However, after all of that, we were rewarded with the real reason we all really came to Ireland- a little bit of traveling.  Everywhere we've been has been incredible. There are artifacts in museums from B.C. that are really well preserved because of the boggy landscape of Ireland! There are artifacts from the 1600s and before, and it boggles my brain that the ones from the 1800s aren't as big of a deal here, when that would be the pinnacle of most American museums. 

Derry/Londonderry has a wall running through it that dates back to the sixteenth century! We visited a castle- a castle! And we were allowed to walk around and through it, to touch it and to take pictures. It was absolutely gorgeous and thrilled me through and through.  The history here is so well preserved and tangible and it's really easily accessible to the public, all of which has my little history-major-heart dancing. 

However, as stupendous as the history is, it manages to pale in comparison to the land itself.  One of our most amazing trips was to the Causeway; it's a place that is so strange, unique and beautiful, unlike anything I have ever seen before. The cliffs of the Irish coastline, too, are absolutely breathtaking; they are something that you could just stare at forever and never tire of their allure.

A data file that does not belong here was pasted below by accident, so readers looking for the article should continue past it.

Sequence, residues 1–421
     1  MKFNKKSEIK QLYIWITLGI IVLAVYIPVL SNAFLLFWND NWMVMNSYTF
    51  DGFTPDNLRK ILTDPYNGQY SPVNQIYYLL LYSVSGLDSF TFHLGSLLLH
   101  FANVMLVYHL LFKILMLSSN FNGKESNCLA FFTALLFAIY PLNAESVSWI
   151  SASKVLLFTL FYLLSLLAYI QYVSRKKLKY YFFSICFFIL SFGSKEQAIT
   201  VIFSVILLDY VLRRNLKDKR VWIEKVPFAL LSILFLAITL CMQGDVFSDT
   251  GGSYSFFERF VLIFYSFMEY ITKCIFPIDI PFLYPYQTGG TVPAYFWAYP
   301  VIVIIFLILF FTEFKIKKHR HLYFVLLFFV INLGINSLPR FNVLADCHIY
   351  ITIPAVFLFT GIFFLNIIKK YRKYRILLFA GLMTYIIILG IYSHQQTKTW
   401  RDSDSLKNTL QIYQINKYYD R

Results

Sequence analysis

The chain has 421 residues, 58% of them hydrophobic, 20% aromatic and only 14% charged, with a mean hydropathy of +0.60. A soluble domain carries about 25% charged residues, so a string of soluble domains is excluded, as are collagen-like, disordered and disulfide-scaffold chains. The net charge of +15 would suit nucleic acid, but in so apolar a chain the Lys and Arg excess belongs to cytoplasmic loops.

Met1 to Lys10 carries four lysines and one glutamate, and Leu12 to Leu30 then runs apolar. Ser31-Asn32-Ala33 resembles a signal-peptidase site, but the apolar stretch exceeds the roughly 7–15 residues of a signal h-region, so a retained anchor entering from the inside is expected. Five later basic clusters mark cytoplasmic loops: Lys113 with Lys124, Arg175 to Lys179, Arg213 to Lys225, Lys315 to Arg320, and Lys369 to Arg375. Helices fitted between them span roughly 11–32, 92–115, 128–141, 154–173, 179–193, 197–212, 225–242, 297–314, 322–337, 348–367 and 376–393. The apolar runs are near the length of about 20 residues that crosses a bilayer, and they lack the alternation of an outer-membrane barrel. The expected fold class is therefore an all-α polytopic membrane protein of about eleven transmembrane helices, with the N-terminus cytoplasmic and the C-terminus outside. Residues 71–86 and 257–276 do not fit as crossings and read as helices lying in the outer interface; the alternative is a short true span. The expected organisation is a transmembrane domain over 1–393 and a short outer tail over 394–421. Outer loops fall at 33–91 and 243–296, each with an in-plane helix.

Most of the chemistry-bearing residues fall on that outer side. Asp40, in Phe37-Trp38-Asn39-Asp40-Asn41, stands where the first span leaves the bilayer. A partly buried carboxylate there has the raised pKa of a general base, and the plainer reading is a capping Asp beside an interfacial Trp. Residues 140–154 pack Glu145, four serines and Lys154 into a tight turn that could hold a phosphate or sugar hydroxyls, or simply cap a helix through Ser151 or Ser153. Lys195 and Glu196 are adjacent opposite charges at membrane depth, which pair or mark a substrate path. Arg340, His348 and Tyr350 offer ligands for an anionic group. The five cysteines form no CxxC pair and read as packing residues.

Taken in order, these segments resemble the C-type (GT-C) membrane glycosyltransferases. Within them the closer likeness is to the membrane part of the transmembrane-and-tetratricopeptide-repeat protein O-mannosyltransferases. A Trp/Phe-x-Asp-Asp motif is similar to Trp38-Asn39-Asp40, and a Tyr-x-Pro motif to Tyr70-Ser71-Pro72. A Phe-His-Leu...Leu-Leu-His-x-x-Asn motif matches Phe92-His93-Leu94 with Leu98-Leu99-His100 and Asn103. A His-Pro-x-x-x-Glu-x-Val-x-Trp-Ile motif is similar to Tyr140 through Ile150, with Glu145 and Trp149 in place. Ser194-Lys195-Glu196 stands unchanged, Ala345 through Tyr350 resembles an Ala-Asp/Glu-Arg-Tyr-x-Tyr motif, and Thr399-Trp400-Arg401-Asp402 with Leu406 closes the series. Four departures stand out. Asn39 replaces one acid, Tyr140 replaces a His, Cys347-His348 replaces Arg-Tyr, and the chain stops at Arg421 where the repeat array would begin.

The inland is full of rolling hills and mountains, and the colors on a sunny day- or, you know, sunny 20 minute spurts- don't really seem real. They seem like something that someone photo shopped to make more vibrant. This country sometimes seems unreal; it takes my breath away.

 That's the point, I guess.  The manmade things are wonderful, and I really can't get enough of the towns and their histories. But the things that aren't man made, the things that God etched onto the world for our pleasure, are infinitely more magnificent. These things that He made are an incredible reminder of how man can do amazing things, but even then God is so much more powerful and awe-inspiring. It's slightly terrifying, actually, but at the same time an amazing comfort.